5 amazing adventures you can take on Crystal Cruises’ swanky new expedition ship

Sep 10, 2021

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Editor’s note: TPG’s Gene Sloan is sailing on Crystal Cruises’ Crystal Endeavor as a guest of the line. The opinions expressed below are entirely his and weren’t subject to review by Crystal.

As I’ve been writing about in recent days at TPG, luxury line Crystal Cruises has just unveiled what may be the most luxurious small ship ever built.

Designed to carry just 200 passengers, the yacht-like, 538-foot-long vessel, dubbed Crystal Endeavor, is filled with some of the most elegant restaurants afloat, cozy lounges, a spa and a small army of highly-trained staff (there are more than 200 crew members on board, more than one for every passenger).

But Crystal Endeavor isn’t just about cruising in the lap of luxury.

As I’m seeing this week during one of Crystal Endeavor’s first sailings, a 10-night circumnavigation of Iceland, the ship is as much about adventure as it is pampering.

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Built to be as tough as it is upscale and carrying Zodiac boats for landings in remote areas (as well as kayaks for exploring), it’s the latest in a new crop of small, super-high-end “expedition” vessels designed to take well-heeled travelers to the most remote, hard-to-reach places.

Already on this trip, we’ve zipped along the cliffs of an Icelandic fjord in Zodiacs looking for seabirds and seals, and we’ve landed by Zodiac on remote islands off the Icelandic coast that are home to just a handful of residents. The schedule for tomorrow includes a 4-plus-mile hike on an island above the Arctic Circle.

Passengers from the Crystal Cruises expedition ship Crystal Endeavor explore a fjord in Iceland this week by Zodiac boat. (Photo by Gene Sloan/The Points Guy)

But Crystal Endeavor soon will set off for even more off-the-beaten places, ranging from a remote side of Antarctica that draws relatively few passenger vessels to little-visited countries along the west coast of Africa.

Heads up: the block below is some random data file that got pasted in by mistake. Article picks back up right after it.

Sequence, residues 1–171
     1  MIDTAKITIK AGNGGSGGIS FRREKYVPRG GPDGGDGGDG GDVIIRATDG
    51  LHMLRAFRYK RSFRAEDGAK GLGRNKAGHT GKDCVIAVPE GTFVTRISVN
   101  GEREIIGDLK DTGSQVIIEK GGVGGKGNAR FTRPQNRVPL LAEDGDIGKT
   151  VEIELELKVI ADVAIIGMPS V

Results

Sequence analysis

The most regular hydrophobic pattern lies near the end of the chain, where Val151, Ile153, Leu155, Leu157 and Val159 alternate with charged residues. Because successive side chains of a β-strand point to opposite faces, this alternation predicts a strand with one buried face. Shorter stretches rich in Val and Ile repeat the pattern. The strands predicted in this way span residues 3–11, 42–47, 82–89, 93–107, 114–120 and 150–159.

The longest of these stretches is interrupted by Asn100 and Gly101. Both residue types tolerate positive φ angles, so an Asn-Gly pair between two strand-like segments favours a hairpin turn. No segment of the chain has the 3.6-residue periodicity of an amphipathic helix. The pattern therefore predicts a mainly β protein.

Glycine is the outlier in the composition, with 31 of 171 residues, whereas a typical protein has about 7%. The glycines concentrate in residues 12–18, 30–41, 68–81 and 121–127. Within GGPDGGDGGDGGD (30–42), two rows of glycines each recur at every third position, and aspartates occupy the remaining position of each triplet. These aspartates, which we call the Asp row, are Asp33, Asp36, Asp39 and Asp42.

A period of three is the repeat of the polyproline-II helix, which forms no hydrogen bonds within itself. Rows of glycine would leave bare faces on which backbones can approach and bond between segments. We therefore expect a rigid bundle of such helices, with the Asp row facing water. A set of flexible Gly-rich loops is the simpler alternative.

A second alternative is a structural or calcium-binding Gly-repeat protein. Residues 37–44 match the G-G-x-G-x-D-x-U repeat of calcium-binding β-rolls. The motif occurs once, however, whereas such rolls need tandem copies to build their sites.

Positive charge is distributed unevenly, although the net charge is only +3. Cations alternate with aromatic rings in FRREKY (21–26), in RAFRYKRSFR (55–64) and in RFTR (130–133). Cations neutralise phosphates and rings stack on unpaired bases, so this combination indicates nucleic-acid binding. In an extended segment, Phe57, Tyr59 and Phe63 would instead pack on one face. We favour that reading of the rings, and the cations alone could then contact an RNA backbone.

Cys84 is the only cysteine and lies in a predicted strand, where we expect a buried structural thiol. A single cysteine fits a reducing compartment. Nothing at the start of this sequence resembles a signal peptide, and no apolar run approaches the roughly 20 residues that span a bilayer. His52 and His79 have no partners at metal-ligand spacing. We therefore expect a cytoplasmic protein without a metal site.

Here, a look at five of the most amazing itineraries that already are on its schedule for later this year through the first half of 2024:

Antarctica and the Ross Sea

Antarctica Scott Base
A frozen section of the Ross Sea at the Scott Base in Antarctica. (Photo by Mark Ralston/AFP via Getty Images)

Call it the most epic Antarctica itinerary ever. Instead of operating a typical 11-night sailing to the White Continent from Ushuaia, Argentina, which is the main hub for Antarctica trips, Crystal Endeavor in 2024 will operate two much-longer, 22-night sailings to the destination that begin and end in Australia and New Zealand — a routing that will allow for access to parts of Antarctica that are much more rarely seen.

Kicking off on Jan. 6, 2024, and Jan. 28, 2024, respectively, in Hobart, Tasmania, and Dunedin, New Zealand, the voyages will include extended time exploring Antarctica’s lesser-visited Ross Sea area.

The trips will include several days around Ross Island, which was the base for many of the best-known early Antarctica expeditions. It’s still home to the explorer huts used by Ernest Shackleton and Robert Scott. Other destinations on the schedule include Cape Hallet, which once was home to a scientific base run jointly by the U.S. and New Zealand, and Terra Nova Bay, which is home to active Italian and South Korean research stations.

The details: Fares start at $39,399 per person, not including taxes and fees.

Antarctica (the more traditional way)

Gentoo penguins and chicks at Paradise Harbor in Antarctica. (Photo by Joe Sohm/Visions of America/Universal Images Group via Getty Images)

In addition to the above, Crystal Endeavor will regularly operate more traditional expeditions to Antarctica out of Ushuaia, Argentina, that range from 11 to 19 nights.

The shorter sailings will include around eight days of exploring along the Antarctica Peninsula, which is teeming with penguin colonies between November and February as well as seals, whales and seabirds. They’ll also bring passengers sightings of immense glaciers and icebergs. The longer sailings will add stops in the Falkland Islands and sometimes South Georgia Island, known for its huge colonies of king, yellow-crested macaroni, long-tailed Gentoo and black-banded chinstrap penguins.